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T1021.005 VNC

Adversaries may use Valid Accounts to remotely control machines using Virtual Network Computing (VNC). VNC is a platform-independent desktop sharing system that uses the RFB (“remote framebuffer”) protocol to enable users to remotely control another computer’s display by relaying the screen, mouse, and keyboard inputs over the network.1

VNC differs from Remote Desktop Protocol as VNC is screen-sharing software rather than resource-sharing software. By default, VNC uses the system’s authentication, but it can be configured to use credentials specific to VNC.23

Adversaries may abuse VNC to perform malicious actions as the logged-on user such as opening documents, downloading files, and running arbitrary commands. An adversary could use VNC to remotely control and monitor a system to collect data and information to pivot to other systems within the network. Specific VNC libraries/implementations have also been susceptible to brute force attacks and memory usage exploitation.456789

Item Value
ID T1021.005
Sub-techniques T1021.001, T1021.002, T1021.003, T1021.004, T1021.005, T1021.006, T1021.007
Tactics TA0008
Platforms Linux, Windows, macOS
Version 1.1
Created 11 February 2020
Last Modified 30 March 2023

Procedure Examples

ID Name Description
S0484 Carberp Carberp can start a remote VNC session by downloading a new plugin.17
S1014 DanBot DanBot can use VNC for remote access to targeted systems.16
G0046 FIN7 FIN7 has used TightVNC to control compromised hosts.20
G0117 Fox Kitten Fox Kitten has installed TightVNC server and client on compromised servers and endpoints for lateral movement.25
G0047 Gamaredon Group Gamaredon Group has used VNC tools, including UltraVNC, to remotely interact with compromised hosts.232224
G0036 GCMAN GCMAN uses VNC for lateral movement.21
S0279 Proton Proton uses VNC to connect into systems.15
S0266 TrickBot TrickBot has used a VNC module to monitor the victim and collect information to pivot to valuable systems on the network 1314
S0670 WarzoneRAT WarzoneRAT has the ability of performing remote desktop access via a VNC console.19
S0412 ZxShell ZxShell supports functionality for VNC sessions.18


ID Mitigation Description
M1047 Audit Inventory workstations for unauthorized VNC server software.
M1042 Disable or Remove Feature or Program Uninstall any VNC server software where not required.
M1037 Filter Network Traffic VNC defaults to TCP ports 5900 for the server, 5800 for browser access, and 5500 for a viewer in listening mode. Filtering or blocking these ports will inhibit VNC traffic utilizing default ports.
M1033 Limit Software Installation Restrict software installation to user groups that require it. A VNC server must be manually installed by the user or adversary.


ID Data Source Data Component
DS0028 Logon Session Logon Session Creation
DS0029 Network Traffic Network Connection Creation
DS0009 Process Process Creation


  1. T. Richardson, J. Levine, RealVNC Ltd.. (2011, March). The Remote Framebuffer Protocol. Retrieved September 20, 2021. 

  2. Apple Support. (n.d.). Set up a computer running VNC software for Remote Desktop. Retrieved August 18, 2021. 

  3. Tegan. (2019, August 15). Setting up System Authentication. Retrieved September 20, 2021. 

  4. Z3RO. (2019, March 10). Day 70: Hijacking VNC (Enum, Brute, Access and Crack). Retrieved September 20, 2021. 

  5. Nick Miles. (2017, November 30). Detecting macOS High Sierra root account without authentication. Retrieved September 20, 2021.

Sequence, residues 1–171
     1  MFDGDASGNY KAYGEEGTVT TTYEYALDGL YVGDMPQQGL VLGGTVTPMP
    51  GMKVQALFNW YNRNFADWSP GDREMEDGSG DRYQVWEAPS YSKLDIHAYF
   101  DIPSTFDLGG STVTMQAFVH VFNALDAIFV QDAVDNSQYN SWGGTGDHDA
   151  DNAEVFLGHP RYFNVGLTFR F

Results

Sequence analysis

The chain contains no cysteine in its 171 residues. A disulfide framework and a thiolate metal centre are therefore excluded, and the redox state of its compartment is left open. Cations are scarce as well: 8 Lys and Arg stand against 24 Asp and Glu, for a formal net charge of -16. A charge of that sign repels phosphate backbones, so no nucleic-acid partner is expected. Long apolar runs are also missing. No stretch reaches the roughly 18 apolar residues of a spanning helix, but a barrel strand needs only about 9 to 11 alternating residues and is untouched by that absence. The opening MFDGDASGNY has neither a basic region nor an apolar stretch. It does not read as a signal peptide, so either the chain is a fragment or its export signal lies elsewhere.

6. Sergiu Gatlan. (2019, November 22). Dozens of VNC Vulnerabilities Found in Linux, Windows Solutions. Retrieved September 20, 2021. 

  7. Offensive Security. (n.d.). VNC Authentication. Retrieved October 6, 2021. 

  8. Administrator, Penetration Testing Lab. (2012, October 30). Attacking VNC Servers. Retrieved October 6, 2021. 

  9. Jay Pipes. (2013, December 23). Security Breach! Tenant A is seeing the VNC Consoles of Tenant B!. Retrieved October 6, 2021. 

  10. Sarah Edwards. (2020, April 30). Analysis of Apple Unified Logs: Quarantine Edition [Entry 6] – Working From Home? Remote Logins. Retrieved August 19, 2021. 

  11. Pascal Nowack. (n.d.). Retrieved September 21, 2021. 

  12. Pascal Nowack. (n.d.). Retrieved September 21, 2021. 

  13. Ionut Illascu. (2021, July 14). Trickbot updates its VNC module for high-value targets. Retrieved September 10, 2021. 

  14. Radu Tudorica. (2021, July 12). A Fresh Look at Trickbot’s Ever-Improving VNC Module. Retrieved September 28, 2021. 

  15. Patrick Wardle. (n.d.). Mac Malware of 2017. Retrieved September 21, 2018. 

  16. ClearSky Cyber Security . (2021, August). New Iranian Espionage Campaign By “Siamesekitten” - Lyceum. Retrieved June 6, 2022. 

  17. Giuliani, M., Allievi, A. (2011, February 28). Carberp - a modular information stealing trojan. Retrieved July 15, 2020. 

  18. Allievi, A., et al. (2014, October 28). Threat Spotlight: Group 72, Opening the ZxShell. Retrieved September 24, 2019. 

  19. Harakhavik, Y. (2020, February 3). Warzone: Behind the enemy lines. Retrieved December 17, 2021. 

  20. Loui, E. and Reynolds, J. (2021, August 30). CARBON SPIDER Embraces Big Game Hunting, Part 1. Retrieved September 20, 2021. 

  21. Kaspersky Lab’s Global Research & Analysis Team. (2016, February 8). APT-style bank robberies increase with Metel, GCMAN and Carbanak 2.0 attacks. Retrieved April 20, 2016. 

  22. Microsoft Threat Intelligence Center. (2022, February 4). ACTINIUM targets Ukrainian organizations. Retrieved February 18, 2022. 

  23. Symantec. (2022, January 31). Shuckworm Continues Cyber-Espionage Attacks Against Ukraine. Retrieved February 17, 2022. 

  24. Unit 42. (2022, February 3). Russia’s Gamaredon aka Primitive Bear APT Group Actively Targeting Ukraine. Retrieved February 21, 2022. 

  25. CISA. (2020, September 15). Iran-Based Threat Actor Exploits VPN Vulnerabilities. Retrieved December 21, 2020.